The void creates a warp in the fabric of space, and the area is difficult terrain. Any creature that starts its turn in the area takes 2d6 cold damage. Any creature that ends its turn in the area must succeed on a Dexterity saving throw or take 2d6 acid damage as milky, otherworldly tentacles rub against it.

Evard’s Black Tentacles

Squirming, ebony tentacles fill a 20-foot square on ground that you can see within range. For the duration, these tentacles turn the ground in the area into difficult terrain.

When a creature enters the affected area for the first time on a turn or starts its turn there, the creature must succeed on a Dexterity saving throw or take 3d6 bludgeoning damage and be restrained by the tentacles until the spell ends. A creature that starts its turn in the area and is already restrained by the tentacles takes 3d6 bludgeoning damage.

The Great Old One Warlock also gets that last one as part of the subclass, and Warlocks can natively pick any of these spells if they want to. We can debate the meaning of “unfathomable horror,” but that’s definitely a lot of tentacles. If you want to take this into the depths of eldritch horror, it’s there, right in the base rules.

But even if it weren’t in the base rules, the rules of D&D are more guidelines. They’re a place to start, not necessarily a place to end — there’s always room for flexibility and creativity. Consider a spell like:

Tasha’s Hideous Laughter

A creature of your choice that you can see within range perceives everything as hilariously funny and falls into fits of laughter if this spell affects it. The target must succeed on a Wisdom saving throw or fall prone, becoming incapacitatedand unable to stand up for the duration. A creature with an Intelligence score of 4 or less isn’t affected.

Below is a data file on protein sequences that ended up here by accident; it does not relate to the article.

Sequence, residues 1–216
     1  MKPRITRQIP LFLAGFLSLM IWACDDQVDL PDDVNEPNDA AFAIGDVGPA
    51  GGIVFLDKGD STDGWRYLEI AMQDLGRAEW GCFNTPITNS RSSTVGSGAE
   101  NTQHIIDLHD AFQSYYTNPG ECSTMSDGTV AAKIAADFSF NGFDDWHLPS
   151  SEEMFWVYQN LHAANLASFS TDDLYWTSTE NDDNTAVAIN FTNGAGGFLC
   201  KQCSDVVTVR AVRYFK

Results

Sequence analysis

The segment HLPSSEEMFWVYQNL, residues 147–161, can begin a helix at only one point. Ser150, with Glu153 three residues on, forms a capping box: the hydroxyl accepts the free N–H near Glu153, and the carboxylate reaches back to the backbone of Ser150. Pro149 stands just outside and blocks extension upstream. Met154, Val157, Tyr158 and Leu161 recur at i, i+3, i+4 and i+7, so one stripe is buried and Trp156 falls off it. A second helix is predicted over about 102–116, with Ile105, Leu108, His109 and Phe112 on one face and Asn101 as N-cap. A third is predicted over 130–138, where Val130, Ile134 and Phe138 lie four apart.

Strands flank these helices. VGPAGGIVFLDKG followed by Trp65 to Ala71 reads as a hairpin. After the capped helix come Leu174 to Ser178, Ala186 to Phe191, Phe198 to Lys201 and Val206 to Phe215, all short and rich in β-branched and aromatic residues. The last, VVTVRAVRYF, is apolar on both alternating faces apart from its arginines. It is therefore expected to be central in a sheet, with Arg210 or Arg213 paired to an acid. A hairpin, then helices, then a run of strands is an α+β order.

At the end of each of its turns, and each time it takes damage, the target can make another Wisdom saving throw. The target has advantage on the saving throw if it’s triggered by damage. On a success, the spell ends.

Now, as described, it sounds like you’re maybe telling a joke, making someone laugh. Ha ha! How funny! I just can’t stop laughing! But think about a Warlock looming over you, dark tendrils of shadowy energy swirling around them, their eyes boring into yours. You are terrified… but you are overwhelmed with the desire to laugh. A shrill giggle escapes your lips. You can’t stop yourself. You are laughing so hard you fall over. You are laughing so hard that you can barely breathe. You are terrified. You can’t stop. Tears are streaming down your face. You keep laughing.

That’s a real nightmare situation there. These subclasses draw on the power of unknown horror to twist the minds of their enemies, to cloud their vision, to see their deepest secrets, to force them to do their bidding. That’s pretty terrifying, right? It’s pretty terrifying.

And if it’s not terrifying enough, take whatever spells you have and theme them appropriately. Think of something totally innocuous like Expeditious Retreat, which lets you use Dash as a bonus action to move extra fast. It’s available to both Warlocks and Sorcerers so it’s possible that either of these creepy subclasses could have the spell. How would you describe it? Have you summoned the power of the winds to speed your steps? Are you drawing on inner wells of strength you didn’t know you had. to keep moving past your endurance? Or is your dark patron giving you the power to step from shadow to shadow, melting into darkness and appearing thirty feet ahead?

All of those could describe the same action, but one of them has a definite creepy theme. There’s no reason you can’t give any of your spells a twist turning them into proper eldritch horrors — it’s limited only by your imagination. Be the terrifying tentacle monster you want to see in the world.


Q4tP (or Que): Imagine if we had an anti-cataclysm expansion; Turalyon takes over and turns out to be a really civic-minded leader, introducing the azeroth new deal. Gilneas becomes un-cursed, Gnomeregon gets de-contaminated and they find an awesome bush for the Night elves. Actually I don’t know if I have a question….just wouldn’t that be nice.

I’m all in on the expansion where we fix things instead of breaking them. Let’s go. Let’s do this.

Alright folks, that’s all for today. I hope you have enjoyed our D&D diversion this afternoon… but if not, well, ask more non-D&D questions. And if you do like it, ask more D&D questions! But for now, we’re calling it a day.